I thought I would feel more of a connection to the UK when I was over there, especially in Scotland, where every time I see a photo of the land there, I get a feeling of “home.” I felt a connection to Stonehenge in England the most, perhaps because it is an ancient, earthly, spiritual place. I have looked into Celtic and Norse pagan beliefs (pre-Christianity), and Druidry, and I like the idea of their gods and goddesses as archetypal energies (more on that in a still-to-be-written post), but I don’t relate to gods or goddesses, per se. I don’t relate to group rituals, either. I do my own, like facing the four compass points and calling in their energy to help me through the day—groundedness (N), clarity of thought (E), strength/energy, and the courage to live my truth (S), and walking in kindness (W). And I do resonate with living the Wheel of the Year and have just begun to do so. Bits and pieces of these ancestral spiritualities resonate. But not the whole ethos.

I think that’s what I like about the Green Witch label (as much as I don’t like labels, they do help give some sort of definition to who you are, especially to others). I don’t like the term “witch” because it’s loaded, but Green Witches (a modern label, they were called healers in days of old and were labeled witches by their persecutors) are more about relating to the plants, creating healing “potions” for others, putting intention into their medicine (a spell of sorts), and feeling the energies of the natural world and a strong connection to the land. That’s me, truthfully.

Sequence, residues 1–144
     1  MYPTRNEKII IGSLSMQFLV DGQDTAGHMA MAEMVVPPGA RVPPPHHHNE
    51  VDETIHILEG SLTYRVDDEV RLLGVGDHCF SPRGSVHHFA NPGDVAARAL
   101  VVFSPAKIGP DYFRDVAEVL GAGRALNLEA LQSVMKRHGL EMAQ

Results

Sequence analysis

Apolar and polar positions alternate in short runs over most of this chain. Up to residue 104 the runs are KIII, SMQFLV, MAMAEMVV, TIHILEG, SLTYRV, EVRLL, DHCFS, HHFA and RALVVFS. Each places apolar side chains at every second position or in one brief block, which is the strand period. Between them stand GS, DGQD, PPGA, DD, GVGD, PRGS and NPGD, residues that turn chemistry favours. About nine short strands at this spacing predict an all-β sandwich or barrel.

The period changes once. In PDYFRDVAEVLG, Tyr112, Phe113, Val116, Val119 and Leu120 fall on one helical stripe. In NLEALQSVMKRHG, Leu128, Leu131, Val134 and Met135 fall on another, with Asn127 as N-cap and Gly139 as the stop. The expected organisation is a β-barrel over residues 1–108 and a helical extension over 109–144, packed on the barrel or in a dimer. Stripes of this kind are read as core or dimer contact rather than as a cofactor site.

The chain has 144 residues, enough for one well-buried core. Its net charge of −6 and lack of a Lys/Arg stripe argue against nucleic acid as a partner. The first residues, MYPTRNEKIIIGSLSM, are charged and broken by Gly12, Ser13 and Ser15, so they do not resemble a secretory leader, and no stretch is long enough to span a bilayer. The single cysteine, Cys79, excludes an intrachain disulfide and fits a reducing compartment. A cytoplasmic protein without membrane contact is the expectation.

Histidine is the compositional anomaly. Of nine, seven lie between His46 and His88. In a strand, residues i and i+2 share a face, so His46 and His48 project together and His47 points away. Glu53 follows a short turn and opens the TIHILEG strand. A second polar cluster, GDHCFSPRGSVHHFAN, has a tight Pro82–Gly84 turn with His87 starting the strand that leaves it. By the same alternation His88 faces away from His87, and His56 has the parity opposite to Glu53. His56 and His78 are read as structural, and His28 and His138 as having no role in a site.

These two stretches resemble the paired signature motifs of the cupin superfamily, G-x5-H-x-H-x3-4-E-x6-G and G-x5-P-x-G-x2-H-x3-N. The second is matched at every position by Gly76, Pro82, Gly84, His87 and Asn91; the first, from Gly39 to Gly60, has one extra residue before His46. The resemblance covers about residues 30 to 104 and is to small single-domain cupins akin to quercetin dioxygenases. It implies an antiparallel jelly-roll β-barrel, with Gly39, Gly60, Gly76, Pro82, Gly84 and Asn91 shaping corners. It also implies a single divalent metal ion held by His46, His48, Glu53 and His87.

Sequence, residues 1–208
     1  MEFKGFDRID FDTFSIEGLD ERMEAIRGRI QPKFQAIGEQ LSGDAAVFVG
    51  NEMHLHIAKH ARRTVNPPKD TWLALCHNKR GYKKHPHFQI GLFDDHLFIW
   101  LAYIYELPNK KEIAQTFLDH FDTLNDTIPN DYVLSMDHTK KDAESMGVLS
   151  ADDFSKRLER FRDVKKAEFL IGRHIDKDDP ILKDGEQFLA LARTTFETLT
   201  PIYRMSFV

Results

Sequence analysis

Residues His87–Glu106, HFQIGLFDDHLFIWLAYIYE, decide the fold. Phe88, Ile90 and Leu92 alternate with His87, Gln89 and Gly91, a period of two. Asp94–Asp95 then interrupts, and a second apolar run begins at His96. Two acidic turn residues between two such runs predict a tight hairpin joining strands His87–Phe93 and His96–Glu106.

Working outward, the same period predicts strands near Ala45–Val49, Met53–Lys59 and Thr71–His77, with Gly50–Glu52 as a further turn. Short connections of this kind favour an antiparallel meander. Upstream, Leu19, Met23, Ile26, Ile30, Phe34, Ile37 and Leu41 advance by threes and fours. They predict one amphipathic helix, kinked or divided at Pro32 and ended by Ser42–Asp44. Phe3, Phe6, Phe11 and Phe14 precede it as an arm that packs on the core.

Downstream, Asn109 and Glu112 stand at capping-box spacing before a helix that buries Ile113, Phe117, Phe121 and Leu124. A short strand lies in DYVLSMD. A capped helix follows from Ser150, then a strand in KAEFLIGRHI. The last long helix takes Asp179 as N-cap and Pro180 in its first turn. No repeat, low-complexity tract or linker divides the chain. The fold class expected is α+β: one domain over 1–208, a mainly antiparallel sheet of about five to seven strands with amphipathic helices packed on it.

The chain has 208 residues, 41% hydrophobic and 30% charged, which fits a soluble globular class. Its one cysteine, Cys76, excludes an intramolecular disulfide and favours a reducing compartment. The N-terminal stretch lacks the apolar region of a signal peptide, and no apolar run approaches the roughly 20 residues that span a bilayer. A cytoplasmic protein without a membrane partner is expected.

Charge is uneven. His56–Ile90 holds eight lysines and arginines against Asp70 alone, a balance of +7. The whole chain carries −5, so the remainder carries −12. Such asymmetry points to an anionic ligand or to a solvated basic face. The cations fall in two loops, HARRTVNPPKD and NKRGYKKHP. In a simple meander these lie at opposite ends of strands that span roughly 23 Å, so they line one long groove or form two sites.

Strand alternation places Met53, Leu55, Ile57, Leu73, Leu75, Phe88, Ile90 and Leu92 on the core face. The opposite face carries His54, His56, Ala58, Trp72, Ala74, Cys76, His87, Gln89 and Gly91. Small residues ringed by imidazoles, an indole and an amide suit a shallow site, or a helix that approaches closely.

Dreams of Gaia Tarot

But, what is this Native American connection I feel? The pull is strong! The other day I had an epiphany and it goes along with the connection to the land I mentioned in the previous paragraph. I did a tarot card reading, and like the “Remember, Human” card that I wrote about in an earlier post, my eyes fell upon another card in the deck when putting the cards away. I was gobsmacked. The card represents a version of the Native American creation story of Turtle Island. Turtle Island represents the earth, but it is also the name of North America.